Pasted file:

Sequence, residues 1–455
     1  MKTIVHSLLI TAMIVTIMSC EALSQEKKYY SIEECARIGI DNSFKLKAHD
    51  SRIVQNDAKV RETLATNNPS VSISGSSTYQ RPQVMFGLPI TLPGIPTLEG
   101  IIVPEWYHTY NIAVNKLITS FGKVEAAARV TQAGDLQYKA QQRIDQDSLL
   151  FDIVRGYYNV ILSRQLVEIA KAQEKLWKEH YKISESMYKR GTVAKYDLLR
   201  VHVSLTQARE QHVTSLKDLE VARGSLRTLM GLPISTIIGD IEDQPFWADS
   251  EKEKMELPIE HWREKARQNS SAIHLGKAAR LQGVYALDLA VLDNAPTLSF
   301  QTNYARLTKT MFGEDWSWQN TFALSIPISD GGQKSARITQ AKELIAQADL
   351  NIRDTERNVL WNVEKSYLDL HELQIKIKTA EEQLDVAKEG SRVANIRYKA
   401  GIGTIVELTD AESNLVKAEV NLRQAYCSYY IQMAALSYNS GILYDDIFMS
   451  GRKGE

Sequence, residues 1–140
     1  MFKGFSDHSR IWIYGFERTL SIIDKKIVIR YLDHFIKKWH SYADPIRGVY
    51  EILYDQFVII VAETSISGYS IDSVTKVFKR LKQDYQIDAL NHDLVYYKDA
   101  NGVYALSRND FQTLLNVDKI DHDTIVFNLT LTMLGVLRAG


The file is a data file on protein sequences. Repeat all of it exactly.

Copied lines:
Sequence, residues 1–455
     1  MKTIVHSLLI TAMIVTIMSC EALSQEKKYY SIEECARIGI DNSFKLKAHD
    51  SRIVQNDAKV RETLATNNPS VSISGSSTYQ RPQVMFGLPI TLPGIPTLEG
   101  IIVPEWYHTY NIAVNKLITS FGKVEAAARV TQAGDLQYKA QQRIDQDSLL
   151  FDIVRGYYNV ILSRQLVEIA KAQEKLWKEH YKISESMYKR GTVAKYDLLR
   201  VHVSLTQARE QHVTSLKDLE VARGSLRTLM GLPISTIIGD IEDQPFWADS
   251  EKEKMELPIE HWREKARQNS SAIHLGKAAR LQGVYALDLA VLDNAPTLSF
   301  QTNYARLTKT MFGEDWSWQN TFALSIPISD GGQKSARITQ AKELIAQADL
   351  NIRDTERNVL WNVEKSYLDL HELQIKIKTA EEQLDVAKEG SRVANIRYKA
   401  GIGTIVELTD AESNLVKAEV NLRQAYCSYY IQMAALSYNS GILYDDIFMS
   451  GRKGE

Sequence, residues 1–140
     1  MFKGFSDHSR IWIYGFERTL SIIDKKIVIR YLDHFIKKWH SYADPIRGVY
    51  EILYDQFVII VAETSISGYS IDSVTKVFKR LKQDYQIDAL NHDLVYYKDA
   101  NGVYALSRND FQTLLNVDKI DHDTIVFNLT LTMLGVLRAG